Practice Makes Practice

CLOUDSOURCING

by Sandra Bark

Cloudsourcing - Practice Makes Practice - Sandra BarkLately, I’ve had my head in the clouds. Not because I’m feeling dreamy, but because this is the surest way to catch a glimpse of cumulus, cirrus, and stratus.

Thanks to The Cloudspotter’s Guide by Gavin Pretor-Pinney, I’ve been learning the science of clouds. Nacreous, undulatus, pannus, perlocidus… Clouds have names like poetry. Yet these heavenly shape-shifters are more than pretty, more than poetry: they are our oracles of storm and sun.

Consider the billows suspended against the blue. Will rain burst out like an exclamation and then subside? Or will the gray pour its heart out all day? The difference between cumulonimbus and cirrostratus matters if you want to know if you should wear your shades or pack an umbrella.

Until we learn to decipher their messages, the clouds just float above our heads like a celestial Rorschach test.

All of this sky-gazing has made me realize that much like practicing an awareness of cloud formations is a way of learning to read the sky, practicing yoga is a way of learning to read your body.

Thanks to my teachers at Mala, I’ve learned that well-defined muscles are about more than looking pretty. Consider the muscles that anchor your shoulders to your back. Have you been avoiding the elusive serratus anterior? Abusing the more accessible trapezius? The difference between the muscles we activate matters if you want to know why your neck has been aching all day.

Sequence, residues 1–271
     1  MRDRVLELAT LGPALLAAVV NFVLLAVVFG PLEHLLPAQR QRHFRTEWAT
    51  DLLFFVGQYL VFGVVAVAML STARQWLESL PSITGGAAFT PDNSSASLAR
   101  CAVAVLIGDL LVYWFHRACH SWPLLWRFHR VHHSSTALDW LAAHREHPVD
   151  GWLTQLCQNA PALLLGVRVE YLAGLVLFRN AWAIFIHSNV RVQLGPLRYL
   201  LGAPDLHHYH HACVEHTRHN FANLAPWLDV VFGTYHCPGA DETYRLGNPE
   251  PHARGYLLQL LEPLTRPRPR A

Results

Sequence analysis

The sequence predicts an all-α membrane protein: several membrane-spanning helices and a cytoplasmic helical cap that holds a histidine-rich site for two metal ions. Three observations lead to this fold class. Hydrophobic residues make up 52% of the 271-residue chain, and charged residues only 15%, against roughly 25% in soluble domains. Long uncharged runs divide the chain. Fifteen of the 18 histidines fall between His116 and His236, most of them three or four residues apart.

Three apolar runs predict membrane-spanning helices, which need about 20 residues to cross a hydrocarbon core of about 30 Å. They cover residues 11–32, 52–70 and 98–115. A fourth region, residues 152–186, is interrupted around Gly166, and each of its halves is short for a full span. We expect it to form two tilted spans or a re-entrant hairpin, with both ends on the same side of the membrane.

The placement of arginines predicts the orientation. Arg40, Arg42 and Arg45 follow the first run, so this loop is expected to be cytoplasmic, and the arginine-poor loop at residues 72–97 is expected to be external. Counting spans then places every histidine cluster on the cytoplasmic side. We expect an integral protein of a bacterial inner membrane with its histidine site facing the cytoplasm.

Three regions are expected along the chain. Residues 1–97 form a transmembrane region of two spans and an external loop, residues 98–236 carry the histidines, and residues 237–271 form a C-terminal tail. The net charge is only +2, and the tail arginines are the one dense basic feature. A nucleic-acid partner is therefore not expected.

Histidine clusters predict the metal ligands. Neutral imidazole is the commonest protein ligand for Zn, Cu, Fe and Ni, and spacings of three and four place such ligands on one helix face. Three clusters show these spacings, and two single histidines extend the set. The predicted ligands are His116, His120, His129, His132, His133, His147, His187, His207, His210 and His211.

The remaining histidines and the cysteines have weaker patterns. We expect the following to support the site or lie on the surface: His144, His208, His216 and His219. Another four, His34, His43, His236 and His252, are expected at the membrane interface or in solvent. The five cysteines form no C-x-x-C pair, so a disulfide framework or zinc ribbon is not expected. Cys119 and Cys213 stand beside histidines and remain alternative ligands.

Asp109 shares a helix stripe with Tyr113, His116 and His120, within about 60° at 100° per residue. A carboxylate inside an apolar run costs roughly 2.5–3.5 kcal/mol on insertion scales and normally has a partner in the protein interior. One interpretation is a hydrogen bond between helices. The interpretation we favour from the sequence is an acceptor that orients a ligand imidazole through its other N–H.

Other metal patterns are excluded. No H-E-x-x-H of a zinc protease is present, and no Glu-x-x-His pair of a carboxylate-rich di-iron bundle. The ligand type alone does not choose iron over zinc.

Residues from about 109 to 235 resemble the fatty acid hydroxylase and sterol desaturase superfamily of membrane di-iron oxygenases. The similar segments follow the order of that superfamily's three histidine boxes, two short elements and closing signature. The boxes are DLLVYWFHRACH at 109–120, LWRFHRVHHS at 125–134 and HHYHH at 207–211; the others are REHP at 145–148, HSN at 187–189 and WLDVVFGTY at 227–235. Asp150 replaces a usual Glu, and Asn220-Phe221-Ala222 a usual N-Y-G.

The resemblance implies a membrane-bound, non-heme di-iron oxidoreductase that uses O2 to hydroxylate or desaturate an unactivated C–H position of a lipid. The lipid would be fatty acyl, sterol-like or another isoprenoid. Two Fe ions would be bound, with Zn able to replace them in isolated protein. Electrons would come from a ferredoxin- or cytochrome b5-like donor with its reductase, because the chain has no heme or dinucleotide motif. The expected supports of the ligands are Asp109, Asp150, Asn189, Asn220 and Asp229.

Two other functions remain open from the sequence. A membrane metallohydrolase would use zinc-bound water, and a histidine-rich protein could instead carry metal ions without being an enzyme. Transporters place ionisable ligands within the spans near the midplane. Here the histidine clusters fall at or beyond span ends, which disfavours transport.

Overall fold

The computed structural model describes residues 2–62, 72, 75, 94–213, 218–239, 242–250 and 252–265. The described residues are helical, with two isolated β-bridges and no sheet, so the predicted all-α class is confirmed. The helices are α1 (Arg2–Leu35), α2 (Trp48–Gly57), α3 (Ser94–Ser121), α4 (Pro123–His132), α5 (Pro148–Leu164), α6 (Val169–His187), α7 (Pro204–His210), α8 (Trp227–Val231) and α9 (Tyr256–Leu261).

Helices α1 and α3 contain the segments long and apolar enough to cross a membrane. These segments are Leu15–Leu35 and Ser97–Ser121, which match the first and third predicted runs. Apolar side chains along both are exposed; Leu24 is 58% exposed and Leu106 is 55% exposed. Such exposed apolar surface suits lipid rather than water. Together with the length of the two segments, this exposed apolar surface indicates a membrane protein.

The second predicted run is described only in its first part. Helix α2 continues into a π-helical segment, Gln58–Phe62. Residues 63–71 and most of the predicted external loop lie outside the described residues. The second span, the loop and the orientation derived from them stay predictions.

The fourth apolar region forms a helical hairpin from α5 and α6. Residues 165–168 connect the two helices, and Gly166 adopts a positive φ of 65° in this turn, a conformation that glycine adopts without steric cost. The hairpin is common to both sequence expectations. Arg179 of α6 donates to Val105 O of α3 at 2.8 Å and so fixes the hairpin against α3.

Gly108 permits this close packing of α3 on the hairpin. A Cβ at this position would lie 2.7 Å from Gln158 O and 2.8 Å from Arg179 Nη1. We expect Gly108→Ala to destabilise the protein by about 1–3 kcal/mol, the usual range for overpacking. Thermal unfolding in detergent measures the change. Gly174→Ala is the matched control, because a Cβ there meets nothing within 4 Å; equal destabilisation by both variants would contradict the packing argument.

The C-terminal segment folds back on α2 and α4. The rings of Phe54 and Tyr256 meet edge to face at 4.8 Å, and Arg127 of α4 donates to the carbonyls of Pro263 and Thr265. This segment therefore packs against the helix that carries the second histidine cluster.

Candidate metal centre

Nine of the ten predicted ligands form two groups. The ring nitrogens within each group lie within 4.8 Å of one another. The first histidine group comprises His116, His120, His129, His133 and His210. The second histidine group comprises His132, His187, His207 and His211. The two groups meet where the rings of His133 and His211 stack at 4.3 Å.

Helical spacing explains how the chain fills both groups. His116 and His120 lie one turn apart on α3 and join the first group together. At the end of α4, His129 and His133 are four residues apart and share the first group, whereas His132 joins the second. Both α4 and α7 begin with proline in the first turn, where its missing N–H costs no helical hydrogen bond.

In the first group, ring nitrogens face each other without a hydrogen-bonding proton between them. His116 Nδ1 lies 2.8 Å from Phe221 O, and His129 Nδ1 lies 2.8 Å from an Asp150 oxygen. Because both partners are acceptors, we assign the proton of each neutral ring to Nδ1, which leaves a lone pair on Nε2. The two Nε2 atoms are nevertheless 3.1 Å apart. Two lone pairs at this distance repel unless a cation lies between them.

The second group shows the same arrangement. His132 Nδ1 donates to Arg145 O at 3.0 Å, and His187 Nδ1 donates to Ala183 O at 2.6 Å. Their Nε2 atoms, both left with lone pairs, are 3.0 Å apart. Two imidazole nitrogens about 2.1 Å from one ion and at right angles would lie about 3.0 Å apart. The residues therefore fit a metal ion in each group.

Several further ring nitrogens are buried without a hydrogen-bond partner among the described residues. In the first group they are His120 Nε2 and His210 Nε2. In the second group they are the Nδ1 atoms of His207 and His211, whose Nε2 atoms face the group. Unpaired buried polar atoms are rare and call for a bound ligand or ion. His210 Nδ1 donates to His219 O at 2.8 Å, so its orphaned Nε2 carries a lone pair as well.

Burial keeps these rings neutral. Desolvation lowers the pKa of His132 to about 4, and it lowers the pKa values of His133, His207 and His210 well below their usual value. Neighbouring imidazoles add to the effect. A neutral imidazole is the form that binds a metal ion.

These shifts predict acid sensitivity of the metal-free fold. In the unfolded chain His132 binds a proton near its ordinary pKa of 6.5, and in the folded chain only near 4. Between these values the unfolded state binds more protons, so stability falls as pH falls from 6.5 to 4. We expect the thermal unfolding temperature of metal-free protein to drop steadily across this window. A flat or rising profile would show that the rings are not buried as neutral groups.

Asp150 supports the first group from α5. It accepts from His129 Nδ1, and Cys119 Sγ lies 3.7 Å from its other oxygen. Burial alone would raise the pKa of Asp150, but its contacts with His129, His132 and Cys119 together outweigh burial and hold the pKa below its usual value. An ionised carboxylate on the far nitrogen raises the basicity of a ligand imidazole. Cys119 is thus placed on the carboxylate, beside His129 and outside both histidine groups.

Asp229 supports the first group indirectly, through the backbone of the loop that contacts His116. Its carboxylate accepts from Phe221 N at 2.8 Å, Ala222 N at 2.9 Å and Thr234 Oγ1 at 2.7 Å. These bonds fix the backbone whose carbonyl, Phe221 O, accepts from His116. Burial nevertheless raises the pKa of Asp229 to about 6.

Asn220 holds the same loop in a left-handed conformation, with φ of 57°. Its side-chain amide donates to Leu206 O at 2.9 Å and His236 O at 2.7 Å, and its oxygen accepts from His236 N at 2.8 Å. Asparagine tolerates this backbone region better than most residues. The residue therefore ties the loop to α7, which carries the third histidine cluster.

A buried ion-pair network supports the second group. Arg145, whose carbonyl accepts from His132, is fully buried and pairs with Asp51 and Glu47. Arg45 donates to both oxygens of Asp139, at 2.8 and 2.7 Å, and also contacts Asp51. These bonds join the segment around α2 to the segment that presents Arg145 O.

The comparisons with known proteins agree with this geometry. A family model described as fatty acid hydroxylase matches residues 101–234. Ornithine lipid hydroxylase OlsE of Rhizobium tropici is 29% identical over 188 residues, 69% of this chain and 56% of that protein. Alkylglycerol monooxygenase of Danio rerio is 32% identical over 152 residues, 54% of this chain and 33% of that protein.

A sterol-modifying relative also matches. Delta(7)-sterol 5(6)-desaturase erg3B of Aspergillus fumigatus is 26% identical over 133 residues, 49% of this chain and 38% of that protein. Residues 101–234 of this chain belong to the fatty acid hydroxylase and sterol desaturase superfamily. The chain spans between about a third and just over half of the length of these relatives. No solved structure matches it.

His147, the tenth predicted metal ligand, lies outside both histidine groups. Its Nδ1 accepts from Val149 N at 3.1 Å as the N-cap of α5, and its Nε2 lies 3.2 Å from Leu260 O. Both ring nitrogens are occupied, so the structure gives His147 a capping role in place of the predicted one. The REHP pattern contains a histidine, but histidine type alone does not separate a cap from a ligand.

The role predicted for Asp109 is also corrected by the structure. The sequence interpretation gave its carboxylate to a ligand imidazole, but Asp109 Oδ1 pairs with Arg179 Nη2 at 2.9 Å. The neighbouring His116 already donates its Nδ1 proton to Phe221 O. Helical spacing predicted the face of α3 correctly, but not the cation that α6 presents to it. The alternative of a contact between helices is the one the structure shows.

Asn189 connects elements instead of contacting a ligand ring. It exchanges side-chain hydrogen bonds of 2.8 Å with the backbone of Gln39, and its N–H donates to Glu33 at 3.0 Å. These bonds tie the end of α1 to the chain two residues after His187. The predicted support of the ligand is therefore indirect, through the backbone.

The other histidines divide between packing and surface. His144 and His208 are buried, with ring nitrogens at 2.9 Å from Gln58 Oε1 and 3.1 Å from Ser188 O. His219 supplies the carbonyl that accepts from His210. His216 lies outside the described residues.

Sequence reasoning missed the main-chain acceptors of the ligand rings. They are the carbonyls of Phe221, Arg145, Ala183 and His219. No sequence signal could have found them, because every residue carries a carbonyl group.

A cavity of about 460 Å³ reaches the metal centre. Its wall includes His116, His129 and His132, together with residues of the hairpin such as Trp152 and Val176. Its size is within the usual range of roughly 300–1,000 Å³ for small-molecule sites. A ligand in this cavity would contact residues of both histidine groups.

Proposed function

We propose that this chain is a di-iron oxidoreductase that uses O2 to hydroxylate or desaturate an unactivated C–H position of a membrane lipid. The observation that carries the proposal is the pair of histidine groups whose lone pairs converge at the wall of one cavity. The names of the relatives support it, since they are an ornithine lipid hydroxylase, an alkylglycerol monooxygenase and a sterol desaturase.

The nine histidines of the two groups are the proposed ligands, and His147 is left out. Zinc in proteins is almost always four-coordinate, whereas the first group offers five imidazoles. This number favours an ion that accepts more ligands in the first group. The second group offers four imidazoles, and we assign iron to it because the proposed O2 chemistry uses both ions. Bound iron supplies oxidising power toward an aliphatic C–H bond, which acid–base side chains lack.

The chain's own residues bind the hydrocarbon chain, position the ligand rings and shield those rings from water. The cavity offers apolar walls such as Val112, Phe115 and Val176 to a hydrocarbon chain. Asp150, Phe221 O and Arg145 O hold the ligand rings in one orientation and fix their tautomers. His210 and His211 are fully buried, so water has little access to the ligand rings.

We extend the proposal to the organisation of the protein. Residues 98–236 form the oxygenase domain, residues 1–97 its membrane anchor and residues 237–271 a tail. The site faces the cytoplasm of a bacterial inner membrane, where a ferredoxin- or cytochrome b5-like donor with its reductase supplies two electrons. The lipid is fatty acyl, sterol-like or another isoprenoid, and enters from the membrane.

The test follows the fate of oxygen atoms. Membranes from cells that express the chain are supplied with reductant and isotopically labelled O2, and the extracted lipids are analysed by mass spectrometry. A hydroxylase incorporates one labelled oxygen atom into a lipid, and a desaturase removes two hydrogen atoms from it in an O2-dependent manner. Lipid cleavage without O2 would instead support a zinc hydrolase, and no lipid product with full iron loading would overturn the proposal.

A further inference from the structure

Until we know how to make the most of our muscles and attachments, they just float there around our bones, useless onlookers instead of a well-trained support staff.

Want to be able to predict the weather? Clouds are only confusing until you decipher the alphabet of the atmosphere.

Want to be able to translate the twinges? Muscles are only mysterious until you decode the building blocks of your alignment.

Head in the clouds, feet on the mat, eyes on the prize. Whether the gaze is aimed up at the sky or six inches in front of the mat, whether you are focused on lucunosus or ileopsoas, paying attention pays off.

Transversusabdominus, gastrocnemius, vastus medialis…

Sandra Bark is a writer who lives in Brooklyn and practices at Mala. PRACTICE MAKES PRACTICE offers a student’s perspective of the yoga experience, on the mat and off.

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About The Mala Yoga Blog

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One Response to Practice Makes Practice

  1. Pingback: Practice Makes Practice | MALA YOGA

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